Violence

16 Sep 2019

The UN Women Training Center has developed a great resource for men to educate ourselves: the Self-Learning Booklet: Masculinities and Violence against Women and Girls (2016).

The booklet was developed as the result of a series of training courses that aim to strengthen capacities of development practitioners and advocates to understand, integrate and address critical gender issues in their lives and work. This tool aims to assist both UN and non-UN staff to better understand the issues of masculinities in relation to violence against women and girls.

16 Sep 2019

Research tells us that socially constructed gender norms which associate masculinity with power, violence and control can play a role in driving conflict and insecurity.

08 Jul 2019

The SHED Manual: For workers engaging in men’s behaviour change to shed abusive beliefs and violence (2013) was developed over almost 20 years of practice in rural Australia by Chris Laming. The SHED (Self Help Ending Domestics) Project engaged with men and challenged them to look at themselves, as though in a mirror. It was ‘time and space for men to face who they are and what they have become and a chance to change what is not good’.

18 Jun 2019

Sexist jokes often are dismissed or excused as harmless fun. Yet they have real, negative effects in the world. They are linked to sexist and violent behaviour, they worsen gender inequalities, and they increase tolerance for violence against women.

17 Jun 2019

Efforts to promote gender equality and violence prevention in workplaces and organisations often meet resistance. Resistance takes a variety of forms, from denial of the problem, to inaction, to victim-blaming, to outright attack. How should we respond to resistance and backlash? And, how can we make resistance less likely in the first place?

12 Jun 2019

Everyday sexism is a serious problem. Sexist jokes and comments, intrusive and harassing treatment, and other behaviours are a near-daily experience for many women. They cause direct harm, and they contribute to wider gender inequalities. Everyday sexism is routine, invisible, and often excused or ignored.

So, how can we challenge everyday sexism? What can you say when your uncle makes a sexist joke at the Christmas dinner? What can you do when your workmate comments on a passing woman’s appearance? How can you respond when your mum says that women need to be more careful to avoid rape? What can you do when some guy on the train is making a young women uncomfortable?

05 Jun 2019

The notion of the ‘Man Box’ names influential and restrictive norms of manhood. The ‘Act Like a Man’ box or ‘Man Box’ has been a common teaching tool in efforts over the past three decades to engage men and boys in critical reflections on men and gender (Kivel, 2007). The ‘box’ names the qualities men are expected to show, the rewards they earn for doing so, and the punishments they are dealt if they step ‘outside’ the box. It emphasises that these dominant standards are restrictive and limiting for men, as well as harmful for women. Individual qualities in the Man Box are not necessarily bad, and indeed some may be useful or desirable in some contexts. On the other hand, some of the qualities are negative in themselves, the range of qualities available to men is narrow, and men are expected not to deviate from them. The Man Box norms also sustain forms of privilege or unfair advantage for men, and men’s attitudes and behaviours that underpin inequality between men and women. The reference to ‘acting like a man’ makes the point that masculinity is a ‘performance’, a set of qualities and behaviours practised in particular contexts.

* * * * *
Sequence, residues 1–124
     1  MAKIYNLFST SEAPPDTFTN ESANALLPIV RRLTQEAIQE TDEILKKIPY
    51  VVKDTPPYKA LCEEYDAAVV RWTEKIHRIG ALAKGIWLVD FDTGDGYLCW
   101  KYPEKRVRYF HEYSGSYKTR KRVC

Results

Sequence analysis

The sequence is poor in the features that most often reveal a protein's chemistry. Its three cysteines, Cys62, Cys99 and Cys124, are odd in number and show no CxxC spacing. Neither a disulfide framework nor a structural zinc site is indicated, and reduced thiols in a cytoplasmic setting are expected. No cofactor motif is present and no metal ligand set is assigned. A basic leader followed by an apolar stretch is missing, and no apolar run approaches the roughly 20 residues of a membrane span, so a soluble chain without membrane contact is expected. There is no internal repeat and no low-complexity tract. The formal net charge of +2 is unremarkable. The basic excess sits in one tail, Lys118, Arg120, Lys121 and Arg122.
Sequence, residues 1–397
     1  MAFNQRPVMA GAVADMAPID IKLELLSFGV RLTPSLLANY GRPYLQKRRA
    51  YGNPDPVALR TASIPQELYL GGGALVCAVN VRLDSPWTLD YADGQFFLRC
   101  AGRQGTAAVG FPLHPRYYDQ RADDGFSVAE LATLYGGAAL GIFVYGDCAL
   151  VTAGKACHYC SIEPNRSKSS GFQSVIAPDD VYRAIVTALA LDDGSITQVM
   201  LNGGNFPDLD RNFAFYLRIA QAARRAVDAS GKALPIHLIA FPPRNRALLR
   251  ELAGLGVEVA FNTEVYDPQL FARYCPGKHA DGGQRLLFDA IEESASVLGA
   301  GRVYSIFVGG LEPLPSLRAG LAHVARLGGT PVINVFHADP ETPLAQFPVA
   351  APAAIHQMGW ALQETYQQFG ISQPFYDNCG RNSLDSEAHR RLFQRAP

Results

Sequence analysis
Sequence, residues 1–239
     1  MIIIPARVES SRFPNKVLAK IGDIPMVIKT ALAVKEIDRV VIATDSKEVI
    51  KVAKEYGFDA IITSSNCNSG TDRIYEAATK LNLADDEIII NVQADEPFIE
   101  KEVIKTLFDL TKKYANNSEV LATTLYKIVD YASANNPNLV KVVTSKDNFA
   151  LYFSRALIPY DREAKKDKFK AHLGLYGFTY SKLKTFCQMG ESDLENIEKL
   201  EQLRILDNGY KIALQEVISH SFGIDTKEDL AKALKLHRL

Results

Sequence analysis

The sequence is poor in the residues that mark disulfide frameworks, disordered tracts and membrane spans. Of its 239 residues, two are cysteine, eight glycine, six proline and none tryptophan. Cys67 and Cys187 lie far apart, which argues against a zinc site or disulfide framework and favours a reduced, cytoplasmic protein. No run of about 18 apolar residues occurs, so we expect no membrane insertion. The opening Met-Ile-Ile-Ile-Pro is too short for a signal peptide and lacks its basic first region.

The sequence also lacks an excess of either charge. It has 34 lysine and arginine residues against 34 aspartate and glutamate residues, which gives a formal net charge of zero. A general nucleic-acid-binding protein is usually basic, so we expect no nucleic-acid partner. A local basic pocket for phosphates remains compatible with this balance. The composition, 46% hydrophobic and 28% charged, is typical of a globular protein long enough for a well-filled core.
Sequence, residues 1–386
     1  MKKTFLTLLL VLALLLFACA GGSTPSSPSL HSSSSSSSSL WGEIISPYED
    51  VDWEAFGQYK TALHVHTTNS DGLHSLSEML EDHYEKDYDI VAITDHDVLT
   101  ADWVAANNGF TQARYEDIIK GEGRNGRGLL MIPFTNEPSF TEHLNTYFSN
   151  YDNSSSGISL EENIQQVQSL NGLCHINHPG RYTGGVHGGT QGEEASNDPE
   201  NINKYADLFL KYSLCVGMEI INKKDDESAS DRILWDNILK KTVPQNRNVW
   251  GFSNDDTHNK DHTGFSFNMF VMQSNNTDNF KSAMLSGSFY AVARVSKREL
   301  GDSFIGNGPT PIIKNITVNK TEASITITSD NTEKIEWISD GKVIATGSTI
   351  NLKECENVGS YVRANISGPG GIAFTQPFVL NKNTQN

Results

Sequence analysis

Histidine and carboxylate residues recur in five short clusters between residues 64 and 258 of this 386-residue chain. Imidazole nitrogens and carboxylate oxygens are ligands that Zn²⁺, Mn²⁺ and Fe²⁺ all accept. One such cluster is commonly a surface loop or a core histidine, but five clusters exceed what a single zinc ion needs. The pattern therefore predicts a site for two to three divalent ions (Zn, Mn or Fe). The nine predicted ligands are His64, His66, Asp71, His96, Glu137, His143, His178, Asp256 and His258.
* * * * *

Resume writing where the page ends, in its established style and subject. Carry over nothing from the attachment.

18 Mar 2019

Terrorism, whether it is group-related or performed as lone actor terrorism, is a predominantly male phenomenon. Generally and throughout history, young males have been the main protagonists of criminal and political violence. This article aims to contribute, from different perspectives, to the question of what makes young men violent.

14 Feb 2019

Most terrorists are men, points out Morgan in The Demon Lover: On the Sexuality of Terrorism (1989). Even though the stock image of a terrorist is a man in a ski mask, considerations of terrorists as men are often ignored, and discussions of terrorism as a political strategy about masculinity are typically overlooked. Terrorism - that act most explicit in its violent aggression, most obvious in its destructive aims and most hideously spectacular in its headlines - in fact, makes men invisible.

13 Feb 2019

Sport is central to the lives of many Australians. This isn’t simply a reference to participation levels, but the importance of sport as a social institution. Organised sport, from the elite level though to local community clubs, is a part of a complex social ecology that is an important part of our lives.